Laura Dodsworth is a photographer and the author of ‘Bare Reality: 100 women, their breasts, their stories’, in which 100 women bravely share un-airbrushed photographs of their breasts alongside honest, courageous, powerful and humour stories about their breasts and lives.
Read her Q & A:
1. How did the book, Bare Reality come about?
We see breasts everywhere, in magazines, on TV, billboards, the internet, but real breasts are taboo. I became fascinated with the dichotomy between how breasts are presented for public consumption versus how we feel about them privately. When I was younger I didn’t feel that my breasts measured up, literally, to the ‘perfect’ breasts I saw in the media. It’s common to feel insecure about how we look, but our appearance has never been under such pressure. With all the sexualised images of women and the ubiquitous airbrush, I feel we are chasing unobtainable ideals. I really wanted to burst the ‘fantasy bubble’ of perfect media breasts.
I didn’t recognise myself in the images and portrayals of women in the media and culture around me. Bare Reality is a creative and personal response to that. Talking to 100 women has helped me deconstruct cultural myths and define being a woman on my own, fresh terms.
Breasts mean different things to different people. Their primary purpose is to feed our babies. At the same time, in Western culture they are considered a woman’s single most significant sexual attribute, our sexual calling cards. To some they are a symbol of motherhood and womanhood. They can be erogenous zones. Yet to others they bring disappointment, inconvenience, and even health problems. Talking about breasts allowed the women to reveal stories that were central to their experiences are women. Breasts, as well as being fascinating in themselves, became a catalyst for a conversation about female experience.
2. Why do you think this project is such an important message?
Just seeing a normal pair of boobs, as opposed to ‘perfect’ boobs in the media, is shocking for some people, let alone the raw, un-airbrushed truth of breast cancer scars. But one in eight women in the UK will have breast cancer. The loss of a breast, gaining scars, the diagnosis, treatment and recovery will mean different things to different women – we are individual, complex, nuanced. I wanted to tell these women’s stories and share the un-airbrushed truth. This isn’t about a pink-washed sugar coating. We need to tell the truth. This is how they look. This is how they feel.
3. What impact do you think your book has on others?
I hope it moves and inspires people. I’ve received very touching messages from women and men, young and old. It’s been eye-opening for people to understand just how different we all look, and to hear the stories women can tell through their bodies. Most women think they are too big, too small, too saggy or too something. After seeing the photographs in the book, I hope they will take heart. I hope it gives young women an insight into their own potential future. Men have been incredibly supportive of the project, and have spoken about how much understanding women’s perspectives have meant to them. At the end of creating Bare Reality, I like myself more as a woman, I like my breasts more, and I have so much respect and tenderness for female experience. I hope it does that for others.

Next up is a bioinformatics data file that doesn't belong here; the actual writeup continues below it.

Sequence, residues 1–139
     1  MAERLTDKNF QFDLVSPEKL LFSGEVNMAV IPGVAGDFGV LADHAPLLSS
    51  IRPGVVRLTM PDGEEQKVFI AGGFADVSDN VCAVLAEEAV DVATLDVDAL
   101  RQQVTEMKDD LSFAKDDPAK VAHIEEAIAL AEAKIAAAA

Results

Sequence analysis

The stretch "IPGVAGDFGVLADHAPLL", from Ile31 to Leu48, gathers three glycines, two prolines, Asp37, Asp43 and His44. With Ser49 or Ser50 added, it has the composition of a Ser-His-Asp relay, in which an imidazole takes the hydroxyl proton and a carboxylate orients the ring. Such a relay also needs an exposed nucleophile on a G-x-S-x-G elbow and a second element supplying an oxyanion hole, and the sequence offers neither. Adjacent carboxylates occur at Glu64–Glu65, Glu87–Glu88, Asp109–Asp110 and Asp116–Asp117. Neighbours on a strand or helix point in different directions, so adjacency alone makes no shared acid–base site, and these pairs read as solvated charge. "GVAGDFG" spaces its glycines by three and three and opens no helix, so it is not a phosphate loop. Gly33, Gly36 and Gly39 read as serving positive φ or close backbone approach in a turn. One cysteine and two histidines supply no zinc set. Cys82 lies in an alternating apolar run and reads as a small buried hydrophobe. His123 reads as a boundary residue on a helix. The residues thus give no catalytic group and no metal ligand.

4. Is Breast Cancer awareness a cause that is close to your heart?
While creating Bare Reality I met some amazing women who shared deeply personal stories with me. It transformed me. I always knew that one aspect of Bare Reality would be doing my part to create a conversation about breast cancer. But I couldn’t have anticipated just how profoundly important it would be to me after meeting and interviewing the women who took part. Their stories were especially moving, as you can imagine. Working with Stella McCartney on this project feels like a natural, and important, extension of Bare Reality.
5. What can we do to spread awareness about Breast Cancer?
I think it’s important to be honest. Sometimes people skate over the harder aspects because they don’t want to frighten others. I think there is more power in the truth. Just among these 12 women, they have had such different experiences and results. As some of them have said, fear can come from not knowing. Sharing these photographs and stories can reduce that fear. It’s a big thing to bare your breasts in our culture, so to bare scars, real and figurative, takes courage.
6. How did you select the 12 women who participated in the #nolessawoman project?
Hello Beautiful and I put a call out through social media and breast cancer networks. Interested women then volunteered. It’s humbling how many women were willing to take the leap of faith to get involved. We tried to include a range of experiences and ages so as many women as possible would be able to relate to the photographs and stories.
7. What does this collaboration mean to you ?
How often do we see photographs which, while gentle and sympathetic, also present the un-airbrushed reality of breast cancer? I’m really proud of this collaboration. We’ve tried to take a tender, truthful and inspiring look at the lives and bodies of women with breast cancer. Honestly, I think it is a bold and beautiful direction for a fashion brand and it will probably surprise people. Lots of love to Stella for having the heart to do this with me.